Dombey and Son is a novel rich in descriptive detail, with both the exteriors and interiors in which its many characters feature being vividly realized. However it is arguable that such detail isn’t intended to be merely decorative but instead perform a range of elaborate functions within the vast and intricately plotted story.
The Dombey residence is situated “on the shady side of a tall, dark, dreadfully genteel street” (p.23). It is a large corner house whose interiors are depicted with an overriding sense of bleakness – the words “dark”, “dismal” and “grim” abound – creating an atmosphere that borders on the funereal. The fact that Mr. Dombey appears unable to separate familial matters from his business affairs is evinced in the title of the third chapter, where the father is described as being “at the head of the home-department”, and “the various members of Mr. Dombey’s household subsided into their several places in the domestic system” (p.23). This particular detail subtly highlights another aspect of the Dombey abode, in that it vaguely resembles a prison, with his son’s nurse Polly Toodle (or ‘Richards’ as Mr. Dombey has arbitrarily renamed her) being “established upstairs in a state of honourable captivity” (p.23).
It is clear from the outset that Mr. Dombey only views people as commodities, a facet of his personality which ultimately proves to be his downfall. The small selection of rooms that Polly’s employer has allocated for his own private purposes is significant to the story, particularly the glass conservatory or ‘chamber’, where he summons the nurse to “walk to and fro with her young charge” (p.24). Glass performs an important metaphorical function within the narrative. It has been noted that a particularly common use for the large expanses of glass whose manufacture only became possible towards the middle of the nineteenth century was the display of goods in shop windows. Mr. Dombey would appear to be regarding his son in such a manner, his interests in the boy solely motivated by his plans for him in his firm.
Dickens makes use of the ‘pathetic fallacy’ by depicting inanimate objects as distinctly anthropomorphized. This can be compared with the portrayal of certain characters in a dehumanized form. For example, when Polly glimpses Mr. Dombey watching her with his son through the glass, the narrative is focalized through her, and seen from this perspective her employer is described in relation to “the dark heavy furniture” (p.25) he occupies as opposed to any physical description of him. Such an approach also occurs in Mr. Dombey’s daughter Florence’s conception of him – to her he appears merely a collection of parts: “The child glanced keenly at the blue coat and stiff white cravat, which, with a pair of creaking boots and a very loud ticking watch, embodied her idea of a father” (p.3). By way of contrast, the descriptions of the Dombey house delineate its facade as if it were a human face always “lowering on the street” (p.337), containing cellars which are “frowned upon by barred windows, and leered at by crooked-eyed doors” (p.23). Such details are not limited to the building’s exterior either as each of the covered chandeliers is said to look like a “monstrous tear depending from the ceiling’s eye” (p.24) – it is as if the house itself were visibly weeping on account of Mr. Dombey’s lack of grief at his recently deceased wife. This particular technique serves to enhance the portrayal of Mr. Dombey becoming a commodity himself through the ceaseless reification of his own surroundings.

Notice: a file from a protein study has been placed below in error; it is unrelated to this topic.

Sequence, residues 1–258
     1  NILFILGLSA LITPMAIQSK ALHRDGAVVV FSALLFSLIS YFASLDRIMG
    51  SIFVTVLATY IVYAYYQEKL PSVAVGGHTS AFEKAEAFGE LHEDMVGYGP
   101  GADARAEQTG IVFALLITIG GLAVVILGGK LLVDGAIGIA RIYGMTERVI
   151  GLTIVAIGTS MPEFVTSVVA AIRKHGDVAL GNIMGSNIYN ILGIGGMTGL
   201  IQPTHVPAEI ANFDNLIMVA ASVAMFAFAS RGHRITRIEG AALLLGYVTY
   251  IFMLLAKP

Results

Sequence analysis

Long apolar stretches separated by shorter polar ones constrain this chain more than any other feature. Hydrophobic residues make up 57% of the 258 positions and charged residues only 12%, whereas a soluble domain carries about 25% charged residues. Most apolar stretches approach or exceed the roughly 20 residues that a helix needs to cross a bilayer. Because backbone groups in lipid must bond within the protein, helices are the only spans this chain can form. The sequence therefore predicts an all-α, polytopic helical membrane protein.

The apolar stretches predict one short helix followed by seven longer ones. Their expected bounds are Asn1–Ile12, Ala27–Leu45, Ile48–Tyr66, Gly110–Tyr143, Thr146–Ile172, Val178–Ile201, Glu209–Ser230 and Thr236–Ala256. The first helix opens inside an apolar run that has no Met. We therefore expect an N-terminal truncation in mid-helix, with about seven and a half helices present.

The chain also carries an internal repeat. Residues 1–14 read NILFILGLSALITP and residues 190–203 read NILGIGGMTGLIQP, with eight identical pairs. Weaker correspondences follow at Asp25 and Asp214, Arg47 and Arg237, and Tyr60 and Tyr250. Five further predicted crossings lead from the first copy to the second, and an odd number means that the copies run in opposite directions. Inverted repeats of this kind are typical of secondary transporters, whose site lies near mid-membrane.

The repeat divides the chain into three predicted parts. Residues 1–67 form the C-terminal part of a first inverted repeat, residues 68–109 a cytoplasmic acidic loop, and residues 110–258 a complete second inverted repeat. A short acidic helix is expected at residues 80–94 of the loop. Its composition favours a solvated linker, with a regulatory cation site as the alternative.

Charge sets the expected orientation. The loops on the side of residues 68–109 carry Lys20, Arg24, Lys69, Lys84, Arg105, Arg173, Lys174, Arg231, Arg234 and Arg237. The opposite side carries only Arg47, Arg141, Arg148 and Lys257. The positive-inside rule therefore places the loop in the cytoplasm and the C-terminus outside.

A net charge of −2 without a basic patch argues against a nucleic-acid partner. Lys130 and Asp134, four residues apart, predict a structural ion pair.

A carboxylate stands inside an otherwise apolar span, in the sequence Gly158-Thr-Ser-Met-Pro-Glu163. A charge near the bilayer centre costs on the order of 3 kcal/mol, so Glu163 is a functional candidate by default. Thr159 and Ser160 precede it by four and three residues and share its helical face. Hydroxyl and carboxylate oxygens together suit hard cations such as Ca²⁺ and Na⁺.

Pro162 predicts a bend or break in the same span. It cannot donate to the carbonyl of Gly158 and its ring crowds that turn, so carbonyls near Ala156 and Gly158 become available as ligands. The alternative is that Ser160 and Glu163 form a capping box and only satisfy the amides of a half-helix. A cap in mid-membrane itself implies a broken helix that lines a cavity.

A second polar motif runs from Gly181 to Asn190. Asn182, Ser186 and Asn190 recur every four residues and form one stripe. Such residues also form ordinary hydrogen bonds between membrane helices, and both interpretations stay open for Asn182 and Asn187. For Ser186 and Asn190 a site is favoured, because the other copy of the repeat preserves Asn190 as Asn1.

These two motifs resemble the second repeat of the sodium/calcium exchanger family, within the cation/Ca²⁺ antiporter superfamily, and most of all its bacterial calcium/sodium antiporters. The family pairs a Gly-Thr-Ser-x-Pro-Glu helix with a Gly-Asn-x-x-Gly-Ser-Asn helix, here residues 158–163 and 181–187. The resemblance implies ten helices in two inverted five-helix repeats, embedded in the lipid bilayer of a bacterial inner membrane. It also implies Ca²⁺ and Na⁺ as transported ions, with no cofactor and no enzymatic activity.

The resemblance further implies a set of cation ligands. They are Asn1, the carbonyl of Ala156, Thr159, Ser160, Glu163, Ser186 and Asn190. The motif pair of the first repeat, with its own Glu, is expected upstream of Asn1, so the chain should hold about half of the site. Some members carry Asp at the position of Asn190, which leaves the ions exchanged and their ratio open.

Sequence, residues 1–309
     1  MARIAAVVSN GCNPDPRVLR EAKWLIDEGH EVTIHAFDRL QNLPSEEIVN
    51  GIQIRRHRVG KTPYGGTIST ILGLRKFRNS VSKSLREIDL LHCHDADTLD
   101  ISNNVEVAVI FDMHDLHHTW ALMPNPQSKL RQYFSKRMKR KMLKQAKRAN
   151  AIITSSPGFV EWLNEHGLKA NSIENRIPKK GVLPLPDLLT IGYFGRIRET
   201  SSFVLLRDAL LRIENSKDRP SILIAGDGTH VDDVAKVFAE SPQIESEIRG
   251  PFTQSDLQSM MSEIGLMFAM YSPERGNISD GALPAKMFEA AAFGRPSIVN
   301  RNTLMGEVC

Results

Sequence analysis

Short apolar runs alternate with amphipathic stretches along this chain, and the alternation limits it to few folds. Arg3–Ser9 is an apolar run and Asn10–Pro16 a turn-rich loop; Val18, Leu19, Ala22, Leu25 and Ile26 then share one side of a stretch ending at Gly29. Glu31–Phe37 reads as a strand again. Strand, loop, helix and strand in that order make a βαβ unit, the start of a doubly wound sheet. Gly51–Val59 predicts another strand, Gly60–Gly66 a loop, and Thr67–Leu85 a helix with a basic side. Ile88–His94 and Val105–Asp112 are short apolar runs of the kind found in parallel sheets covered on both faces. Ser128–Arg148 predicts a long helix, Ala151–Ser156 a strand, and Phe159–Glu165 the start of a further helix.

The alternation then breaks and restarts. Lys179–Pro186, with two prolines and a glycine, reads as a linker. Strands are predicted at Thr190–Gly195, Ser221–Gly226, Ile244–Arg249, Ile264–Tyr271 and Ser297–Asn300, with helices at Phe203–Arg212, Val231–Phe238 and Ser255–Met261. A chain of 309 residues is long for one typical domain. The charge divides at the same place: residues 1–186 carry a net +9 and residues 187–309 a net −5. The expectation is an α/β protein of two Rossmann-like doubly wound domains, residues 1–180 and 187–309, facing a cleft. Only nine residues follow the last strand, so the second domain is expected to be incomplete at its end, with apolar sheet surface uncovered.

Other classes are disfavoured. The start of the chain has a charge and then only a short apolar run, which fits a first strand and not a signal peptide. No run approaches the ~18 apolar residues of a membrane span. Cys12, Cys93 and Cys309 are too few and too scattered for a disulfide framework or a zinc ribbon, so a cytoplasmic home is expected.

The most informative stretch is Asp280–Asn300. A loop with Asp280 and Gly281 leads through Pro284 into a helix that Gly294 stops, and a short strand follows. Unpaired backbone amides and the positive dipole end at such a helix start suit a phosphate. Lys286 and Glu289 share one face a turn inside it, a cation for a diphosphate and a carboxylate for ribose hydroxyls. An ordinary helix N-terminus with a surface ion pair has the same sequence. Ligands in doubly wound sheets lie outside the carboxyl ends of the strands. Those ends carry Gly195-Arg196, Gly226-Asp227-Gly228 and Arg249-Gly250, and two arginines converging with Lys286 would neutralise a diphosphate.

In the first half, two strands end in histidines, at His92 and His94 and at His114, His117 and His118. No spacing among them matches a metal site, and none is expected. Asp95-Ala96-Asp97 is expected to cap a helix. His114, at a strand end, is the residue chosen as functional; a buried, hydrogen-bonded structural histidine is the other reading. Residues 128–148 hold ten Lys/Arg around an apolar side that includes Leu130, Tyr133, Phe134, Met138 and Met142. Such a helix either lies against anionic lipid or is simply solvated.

Some have contended that the kernel of Dombey and Son is Florence’s quest for her father’s love. As a character, Mr. Dombey’s daughter is essentially non-realist, possessing qualities typical of heroines from eighteenth century sentimental writing, such as innocence and kindness. However melodrama isn’t the only convention the narrative invokes when chronicling Florence’s attempts to affiliate herself into her father’s affections, as the Gothic is also evident in these scenes: “the dreary midnight tolled out from the steeples”, as well as the “dropping of the rain”, “moaning of the wind”, “shuddering of the trees” (p.270). However any feelings of ‘terror’ on Florence’s part are quashed by one overriding emotion: love, and it is this that drives her down to “making her nightly pilgrimage to his door” (p.270). The glass that had appeared to separate Mr. Dombey from his son’s nurse is apparent here also, “The rain dripped heavily on the glass panes in the outer room” (p.271). The repetition of the phrase “Let him remember it in that room, years to come” (p.272) much later on when the adult Florence returns to her father when his second wife has left him and his business faces bankruptcy, is effective in linking these two scenes. Florence finally succeeds in gaining her father’s love and saving him from the house which appears to be consuming him: “The great house, dumb as to all that had suffered in it… stood frowning like a dark mute on the street” (p.892).
Descriptive language in Dombey and Son forms a vital function within the story. We are able to see that through the implementation of several techniques, such as ‘symbolism’, ‘metaphor’ and ‘comparison’, and the invoking of other literary conventions – such as Melodrama and the Gothic – into its essentially realist construction, as well as the adoption of literary strategies, such as the ‘pathetic fallacy’, Dickens’s descriptions serve many functions within his narrative, making considerable enhancements to his portrayal of characters and development of plot, ultimately enriching the overall effect of his novel.